I have been raising wild seed in this manner for the past 6 years and have lost very few plants to the weather, etc., although occasionally one will become dormant for the season. The wild seeds which I grow from locally gathered wild ginseng have a much higher survival rate than commercially grown seeds which I have planted do.
I have deliberately avoided going into PH soil factors and other technical details for the simple reason that most ginseng gatherers, including myself, have already recognized how impractical it would be to test each little place in the woods where we dropped a few seeds. Even if we had all this information, we could do nothing about it except to either plant or not plant in that particular spot because if we did anything else we would not be producing the wild product and its value would be greatly diminished. Time will surely tell us whether one place is superior to another by the results each place yields. Thus we come to that old backwoods cut-and-try rule of thumb; “Do What Works, Quit What Don’t”. And that is what continuous process improvement is all about.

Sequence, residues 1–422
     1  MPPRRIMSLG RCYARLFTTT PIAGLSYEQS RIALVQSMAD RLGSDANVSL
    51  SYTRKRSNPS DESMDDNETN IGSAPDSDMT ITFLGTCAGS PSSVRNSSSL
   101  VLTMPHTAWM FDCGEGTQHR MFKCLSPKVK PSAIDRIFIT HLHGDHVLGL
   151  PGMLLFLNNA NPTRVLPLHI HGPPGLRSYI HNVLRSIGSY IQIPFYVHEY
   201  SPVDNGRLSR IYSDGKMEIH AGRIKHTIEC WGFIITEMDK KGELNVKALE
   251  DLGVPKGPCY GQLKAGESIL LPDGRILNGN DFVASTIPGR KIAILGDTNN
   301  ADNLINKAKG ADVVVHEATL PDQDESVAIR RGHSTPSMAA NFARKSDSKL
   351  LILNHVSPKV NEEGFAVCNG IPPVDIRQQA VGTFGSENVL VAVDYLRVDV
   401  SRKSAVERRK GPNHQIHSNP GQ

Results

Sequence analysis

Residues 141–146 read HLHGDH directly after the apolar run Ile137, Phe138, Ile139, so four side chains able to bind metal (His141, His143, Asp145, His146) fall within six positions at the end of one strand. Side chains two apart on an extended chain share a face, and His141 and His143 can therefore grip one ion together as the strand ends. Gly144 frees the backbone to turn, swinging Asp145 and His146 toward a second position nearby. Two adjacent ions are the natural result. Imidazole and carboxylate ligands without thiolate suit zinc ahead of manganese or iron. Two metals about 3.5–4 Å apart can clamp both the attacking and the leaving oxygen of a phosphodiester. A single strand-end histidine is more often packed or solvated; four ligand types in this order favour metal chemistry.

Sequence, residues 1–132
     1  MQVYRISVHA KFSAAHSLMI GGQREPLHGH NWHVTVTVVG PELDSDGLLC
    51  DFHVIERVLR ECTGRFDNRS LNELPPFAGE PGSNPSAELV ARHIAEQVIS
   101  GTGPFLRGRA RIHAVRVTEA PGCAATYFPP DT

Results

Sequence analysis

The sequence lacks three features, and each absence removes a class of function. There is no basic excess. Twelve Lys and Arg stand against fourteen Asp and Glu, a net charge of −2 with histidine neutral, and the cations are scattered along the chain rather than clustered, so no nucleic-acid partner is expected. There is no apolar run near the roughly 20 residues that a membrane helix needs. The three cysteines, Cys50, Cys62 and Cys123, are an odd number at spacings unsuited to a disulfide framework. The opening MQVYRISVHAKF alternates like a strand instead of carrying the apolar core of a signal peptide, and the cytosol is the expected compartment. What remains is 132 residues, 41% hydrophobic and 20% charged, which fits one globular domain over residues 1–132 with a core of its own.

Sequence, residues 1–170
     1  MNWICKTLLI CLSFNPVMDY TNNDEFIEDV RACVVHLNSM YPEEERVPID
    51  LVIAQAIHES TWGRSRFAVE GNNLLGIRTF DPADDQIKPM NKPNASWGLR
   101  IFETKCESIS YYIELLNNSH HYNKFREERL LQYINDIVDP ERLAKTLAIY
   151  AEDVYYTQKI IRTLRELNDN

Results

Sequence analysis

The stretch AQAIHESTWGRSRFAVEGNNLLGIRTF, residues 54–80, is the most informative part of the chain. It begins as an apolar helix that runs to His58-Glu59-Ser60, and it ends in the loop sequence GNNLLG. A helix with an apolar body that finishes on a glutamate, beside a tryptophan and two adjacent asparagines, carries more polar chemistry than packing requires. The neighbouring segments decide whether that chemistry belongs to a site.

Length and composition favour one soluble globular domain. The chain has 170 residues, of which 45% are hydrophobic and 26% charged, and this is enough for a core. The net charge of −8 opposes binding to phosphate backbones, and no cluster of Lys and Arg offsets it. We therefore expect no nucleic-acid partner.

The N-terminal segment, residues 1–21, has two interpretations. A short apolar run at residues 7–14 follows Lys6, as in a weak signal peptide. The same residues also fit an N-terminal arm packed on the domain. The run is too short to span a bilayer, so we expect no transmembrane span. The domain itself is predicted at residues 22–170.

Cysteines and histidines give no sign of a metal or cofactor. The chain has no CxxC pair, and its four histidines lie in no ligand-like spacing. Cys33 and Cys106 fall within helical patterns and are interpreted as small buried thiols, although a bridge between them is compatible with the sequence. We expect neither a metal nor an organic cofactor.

Notes; Deer are your worst enemy. They will eat the tops off your plants even if they are planted in a pot or milk jug. They can retard and eventually destroy your whole planting and growing effort if proper measures are not taken.
This is just one way of producing wild ginseng seed. The most important thing to do is grow wild ginseng seed in the way which works best for you. But please, please do it!
Here's how potted wild ginseng looks;
by Fred Gates, A friend of Wild Ginseng.
(Mr. Wild Spirit Ginseng)